Alan Hájek (Australian National University) gives a talk for the New Insights seminar series on 21st May 2015.
Abstract: A number of prominent authors—Levi, Spohn, Gilboa, Seidenfeld, and Price among them—hold that rational agents cannot assign subjective probabilities to their options while deliberating about which one they will choose. This has been called the "deliberation crowds out prediction" thesis. The thesis, if true, has important ramifications for many aspects of Bayesian epistemology, decision theory, and game theory. The stakes are high.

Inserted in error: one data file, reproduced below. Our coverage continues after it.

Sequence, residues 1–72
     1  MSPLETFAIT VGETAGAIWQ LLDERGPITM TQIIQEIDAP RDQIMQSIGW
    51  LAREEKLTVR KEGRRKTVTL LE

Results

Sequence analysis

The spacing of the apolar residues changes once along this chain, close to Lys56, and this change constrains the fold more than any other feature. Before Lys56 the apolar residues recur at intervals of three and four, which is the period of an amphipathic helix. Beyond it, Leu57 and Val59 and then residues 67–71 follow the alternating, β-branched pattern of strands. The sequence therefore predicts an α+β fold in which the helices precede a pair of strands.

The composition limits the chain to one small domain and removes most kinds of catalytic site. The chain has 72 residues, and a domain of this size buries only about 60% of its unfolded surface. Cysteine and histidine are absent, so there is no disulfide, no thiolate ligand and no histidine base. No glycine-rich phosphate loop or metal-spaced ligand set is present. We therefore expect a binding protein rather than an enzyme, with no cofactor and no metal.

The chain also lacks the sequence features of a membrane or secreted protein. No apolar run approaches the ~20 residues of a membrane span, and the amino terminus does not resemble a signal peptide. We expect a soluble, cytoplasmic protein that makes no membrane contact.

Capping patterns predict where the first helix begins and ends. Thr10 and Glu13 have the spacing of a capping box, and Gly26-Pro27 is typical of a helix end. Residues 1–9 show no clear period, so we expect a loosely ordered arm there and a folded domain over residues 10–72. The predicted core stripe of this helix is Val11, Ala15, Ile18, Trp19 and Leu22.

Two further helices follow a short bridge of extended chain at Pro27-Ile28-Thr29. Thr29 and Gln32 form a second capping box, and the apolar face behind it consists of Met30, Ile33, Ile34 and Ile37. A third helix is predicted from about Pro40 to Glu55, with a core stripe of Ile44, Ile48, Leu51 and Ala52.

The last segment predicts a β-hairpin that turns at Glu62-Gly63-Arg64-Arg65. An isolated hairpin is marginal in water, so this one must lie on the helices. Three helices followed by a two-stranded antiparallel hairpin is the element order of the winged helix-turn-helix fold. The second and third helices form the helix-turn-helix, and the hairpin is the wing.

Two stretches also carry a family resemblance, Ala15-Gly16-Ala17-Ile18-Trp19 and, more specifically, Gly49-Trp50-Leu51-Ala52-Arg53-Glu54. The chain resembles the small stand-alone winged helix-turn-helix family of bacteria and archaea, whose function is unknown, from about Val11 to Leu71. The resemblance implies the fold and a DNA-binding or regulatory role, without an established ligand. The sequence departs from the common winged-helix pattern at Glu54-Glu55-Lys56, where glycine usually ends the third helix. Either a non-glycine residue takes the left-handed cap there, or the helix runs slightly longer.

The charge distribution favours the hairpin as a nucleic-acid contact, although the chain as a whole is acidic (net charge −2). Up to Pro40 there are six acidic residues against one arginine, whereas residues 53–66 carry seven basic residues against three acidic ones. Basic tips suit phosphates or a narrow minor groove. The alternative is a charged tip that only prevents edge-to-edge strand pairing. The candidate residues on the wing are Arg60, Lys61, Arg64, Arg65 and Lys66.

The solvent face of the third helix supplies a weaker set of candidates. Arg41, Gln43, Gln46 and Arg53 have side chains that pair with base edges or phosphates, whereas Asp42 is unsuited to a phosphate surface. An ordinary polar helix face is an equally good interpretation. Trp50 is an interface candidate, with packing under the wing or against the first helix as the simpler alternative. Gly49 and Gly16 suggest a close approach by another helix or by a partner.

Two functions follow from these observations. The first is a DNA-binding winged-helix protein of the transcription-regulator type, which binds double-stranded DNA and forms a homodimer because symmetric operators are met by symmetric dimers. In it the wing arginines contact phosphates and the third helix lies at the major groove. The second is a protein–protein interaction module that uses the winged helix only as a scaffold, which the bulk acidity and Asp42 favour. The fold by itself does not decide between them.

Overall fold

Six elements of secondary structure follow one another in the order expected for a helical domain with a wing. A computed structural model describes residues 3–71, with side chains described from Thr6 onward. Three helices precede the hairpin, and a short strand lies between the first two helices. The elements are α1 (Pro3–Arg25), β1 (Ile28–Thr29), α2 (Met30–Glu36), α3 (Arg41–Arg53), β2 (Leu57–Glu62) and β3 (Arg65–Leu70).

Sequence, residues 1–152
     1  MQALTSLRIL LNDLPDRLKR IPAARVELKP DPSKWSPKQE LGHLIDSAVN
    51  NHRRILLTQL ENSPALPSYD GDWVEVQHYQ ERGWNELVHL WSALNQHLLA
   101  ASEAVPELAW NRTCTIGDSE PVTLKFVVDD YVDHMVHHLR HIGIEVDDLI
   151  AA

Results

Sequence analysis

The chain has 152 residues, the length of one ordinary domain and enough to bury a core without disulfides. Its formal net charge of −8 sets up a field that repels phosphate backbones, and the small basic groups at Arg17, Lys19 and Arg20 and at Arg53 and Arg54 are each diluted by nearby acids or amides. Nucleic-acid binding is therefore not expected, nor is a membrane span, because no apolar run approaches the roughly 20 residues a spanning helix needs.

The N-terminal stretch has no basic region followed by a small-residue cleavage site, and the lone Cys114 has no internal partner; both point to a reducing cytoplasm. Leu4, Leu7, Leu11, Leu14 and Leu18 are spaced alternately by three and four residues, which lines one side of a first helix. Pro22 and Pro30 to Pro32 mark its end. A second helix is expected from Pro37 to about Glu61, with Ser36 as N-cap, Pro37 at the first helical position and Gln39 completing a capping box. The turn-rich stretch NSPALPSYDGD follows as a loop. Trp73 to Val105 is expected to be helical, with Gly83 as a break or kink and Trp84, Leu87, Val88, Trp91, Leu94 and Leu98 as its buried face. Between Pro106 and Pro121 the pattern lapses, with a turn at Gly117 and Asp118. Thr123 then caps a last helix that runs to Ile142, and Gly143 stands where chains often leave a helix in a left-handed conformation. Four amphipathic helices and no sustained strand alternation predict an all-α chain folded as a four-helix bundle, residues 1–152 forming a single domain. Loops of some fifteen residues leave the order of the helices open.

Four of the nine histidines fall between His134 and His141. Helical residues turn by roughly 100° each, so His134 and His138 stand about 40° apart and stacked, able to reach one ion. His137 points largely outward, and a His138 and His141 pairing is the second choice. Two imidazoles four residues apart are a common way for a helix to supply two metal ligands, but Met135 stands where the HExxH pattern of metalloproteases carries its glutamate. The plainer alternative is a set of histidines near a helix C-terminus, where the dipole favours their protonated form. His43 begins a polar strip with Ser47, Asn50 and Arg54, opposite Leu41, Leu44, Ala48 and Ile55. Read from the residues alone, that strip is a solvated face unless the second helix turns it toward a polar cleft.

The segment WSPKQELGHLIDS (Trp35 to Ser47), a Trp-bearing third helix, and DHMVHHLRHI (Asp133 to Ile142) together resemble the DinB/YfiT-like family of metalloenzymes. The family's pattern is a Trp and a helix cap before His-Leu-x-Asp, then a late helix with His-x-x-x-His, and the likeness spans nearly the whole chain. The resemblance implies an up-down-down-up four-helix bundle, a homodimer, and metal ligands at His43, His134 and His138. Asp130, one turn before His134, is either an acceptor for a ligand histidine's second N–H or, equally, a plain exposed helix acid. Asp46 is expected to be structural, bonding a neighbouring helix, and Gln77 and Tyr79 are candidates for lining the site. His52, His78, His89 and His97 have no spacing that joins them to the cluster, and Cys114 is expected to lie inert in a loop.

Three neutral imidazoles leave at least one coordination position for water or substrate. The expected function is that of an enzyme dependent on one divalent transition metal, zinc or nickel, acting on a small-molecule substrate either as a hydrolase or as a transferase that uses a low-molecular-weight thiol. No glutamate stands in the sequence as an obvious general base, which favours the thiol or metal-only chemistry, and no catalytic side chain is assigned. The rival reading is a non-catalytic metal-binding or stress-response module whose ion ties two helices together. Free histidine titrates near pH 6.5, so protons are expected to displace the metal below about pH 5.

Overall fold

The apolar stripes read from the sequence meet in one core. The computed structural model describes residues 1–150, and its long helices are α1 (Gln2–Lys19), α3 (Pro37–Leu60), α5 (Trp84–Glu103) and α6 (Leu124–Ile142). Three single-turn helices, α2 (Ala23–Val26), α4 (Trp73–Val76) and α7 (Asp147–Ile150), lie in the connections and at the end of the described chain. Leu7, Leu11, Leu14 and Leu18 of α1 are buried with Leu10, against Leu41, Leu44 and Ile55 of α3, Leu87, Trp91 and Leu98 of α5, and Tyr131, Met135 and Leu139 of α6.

The thesis is not true—or so I maintain. After some scene-setting, I will precisify and rebut several of the main arguments for the thesis. I will defend the rationality of assigning probabilities to options while deliberating about them: deliberation welcomes prediction. I will also consider application of the thesis, and its denial, to Pascal's Wager.